U.S. will Impose Steel and Aluminum tariffs
President Donald Trump announced that U.S. will impose hefty tariffs on imported steel and aluminum to protect U.S. producers, risking retaliation from major trade partners like China, Europe and neighboring Canada. Trump said the duties, 25 percent on steel imports and 10 percent on aluminum, would be formally announced next week, although White House officials later said some details still needed to be ironed out.
Trump believes the tariffs will safeguard American jobs, but many economists say the impact of price increases for users of steel and aluminum, such as the auto and oil industries, will destroy more jobs than curbs on imports create. Steel is around $700 per ton because prices have already risen $100 per ton this year largely in anticipation of tariffs. Appearing on CNBC, U.S. Commerce Secretary Wilbur Ross said tariffs would have a “trivial effect.” He said the one ton of steel used per vehicle, at $700 per ton (0.907 metric tonnes), would have little impact on vehicle costs.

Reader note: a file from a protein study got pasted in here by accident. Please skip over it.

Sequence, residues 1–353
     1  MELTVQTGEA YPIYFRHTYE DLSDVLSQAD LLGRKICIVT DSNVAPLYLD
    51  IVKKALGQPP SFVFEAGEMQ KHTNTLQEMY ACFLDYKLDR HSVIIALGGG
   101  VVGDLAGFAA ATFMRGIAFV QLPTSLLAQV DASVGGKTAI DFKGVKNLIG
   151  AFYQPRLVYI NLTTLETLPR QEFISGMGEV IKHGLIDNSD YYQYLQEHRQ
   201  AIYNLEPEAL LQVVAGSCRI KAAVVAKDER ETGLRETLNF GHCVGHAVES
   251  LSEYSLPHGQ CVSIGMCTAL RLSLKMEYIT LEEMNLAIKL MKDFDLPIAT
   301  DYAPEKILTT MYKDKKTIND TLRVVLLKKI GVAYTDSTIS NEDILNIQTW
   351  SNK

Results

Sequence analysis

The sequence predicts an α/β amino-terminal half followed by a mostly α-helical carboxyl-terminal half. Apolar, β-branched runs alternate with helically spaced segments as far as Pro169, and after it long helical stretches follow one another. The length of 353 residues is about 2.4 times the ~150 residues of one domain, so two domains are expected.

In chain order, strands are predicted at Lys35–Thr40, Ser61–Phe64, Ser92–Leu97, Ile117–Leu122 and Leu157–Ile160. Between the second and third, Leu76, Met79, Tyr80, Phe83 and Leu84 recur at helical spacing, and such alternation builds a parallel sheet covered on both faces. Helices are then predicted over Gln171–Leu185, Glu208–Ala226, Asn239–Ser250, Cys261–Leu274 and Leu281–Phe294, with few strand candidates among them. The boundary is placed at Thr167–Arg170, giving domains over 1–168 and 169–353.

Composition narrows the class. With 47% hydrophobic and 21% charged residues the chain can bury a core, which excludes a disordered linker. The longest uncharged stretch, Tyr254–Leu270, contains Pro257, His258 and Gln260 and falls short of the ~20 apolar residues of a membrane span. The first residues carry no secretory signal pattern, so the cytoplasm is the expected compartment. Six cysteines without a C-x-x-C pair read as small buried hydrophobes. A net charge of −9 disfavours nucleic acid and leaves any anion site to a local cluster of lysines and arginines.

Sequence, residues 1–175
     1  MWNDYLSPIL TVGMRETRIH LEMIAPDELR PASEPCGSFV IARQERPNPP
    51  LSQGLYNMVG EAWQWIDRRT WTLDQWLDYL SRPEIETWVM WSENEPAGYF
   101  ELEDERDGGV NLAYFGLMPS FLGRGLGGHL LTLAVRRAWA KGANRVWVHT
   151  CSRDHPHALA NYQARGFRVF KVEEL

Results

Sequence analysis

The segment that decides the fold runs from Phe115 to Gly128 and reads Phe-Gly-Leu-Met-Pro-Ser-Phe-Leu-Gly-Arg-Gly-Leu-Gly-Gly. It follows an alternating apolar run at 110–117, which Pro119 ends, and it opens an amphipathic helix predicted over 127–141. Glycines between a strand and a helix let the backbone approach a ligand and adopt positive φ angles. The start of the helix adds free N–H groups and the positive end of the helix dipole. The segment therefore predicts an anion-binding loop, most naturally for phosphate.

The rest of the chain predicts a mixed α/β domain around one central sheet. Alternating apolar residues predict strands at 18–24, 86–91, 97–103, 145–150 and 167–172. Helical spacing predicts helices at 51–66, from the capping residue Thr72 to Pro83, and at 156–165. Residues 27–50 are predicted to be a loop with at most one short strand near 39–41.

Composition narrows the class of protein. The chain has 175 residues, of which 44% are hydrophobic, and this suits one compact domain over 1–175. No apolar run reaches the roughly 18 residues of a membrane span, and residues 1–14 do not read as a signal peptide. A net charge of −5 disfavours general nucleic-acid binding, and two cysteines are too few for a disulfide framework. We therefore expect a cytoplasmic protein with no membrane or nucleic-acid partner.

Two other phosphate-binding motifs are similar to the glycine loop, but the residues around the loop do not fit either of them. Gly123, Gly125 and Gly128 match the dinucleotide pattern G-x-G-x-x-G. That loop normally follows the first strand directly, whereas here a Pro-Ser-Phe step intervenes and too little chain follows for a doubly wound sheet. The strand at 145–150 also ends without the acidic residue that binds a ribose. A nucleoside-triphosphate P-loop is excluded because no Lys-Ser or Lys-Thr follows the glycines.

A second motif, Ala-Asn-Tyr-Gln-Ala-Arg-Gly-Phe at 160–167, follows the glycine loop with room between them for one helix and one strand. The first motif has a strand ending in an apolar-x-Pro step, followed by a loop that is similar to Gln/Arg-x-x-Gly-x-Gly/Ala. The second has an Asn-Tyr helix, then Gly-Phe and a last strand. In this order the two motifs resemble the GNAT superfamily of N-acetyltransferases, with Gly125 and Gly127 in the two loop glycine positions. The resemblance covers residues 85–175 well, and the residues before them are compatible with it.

U.S. automakers stand to be among the most impacted. The sector accounted for 26 percent of U.S. steel demand in 2017, behind the construction industry’s 40 percent, according to data provider Statista. According to research and consulting firm Ducker Worldwide-FSG, the average U.S. vehicle weighs in at 3,835 pounds (1.9 tons) and is 11 percent aluminum (422 pounds) and 54 percent steel (2,071 pounds, around a ton). But producing parts leads to scrap wastage, so Ducker estimates automakers need 526 pounds of aluminum and 2,925 pounds of steel to make the average vehicle.
President Trump’s promise to impose hefty tariffs on U.S. imports of steel and aluminum sent markets around the globe into a tailspin and prompted anger and threats of retaliation from major U.S. trading partners, raising the specter of a full-fledged trade war.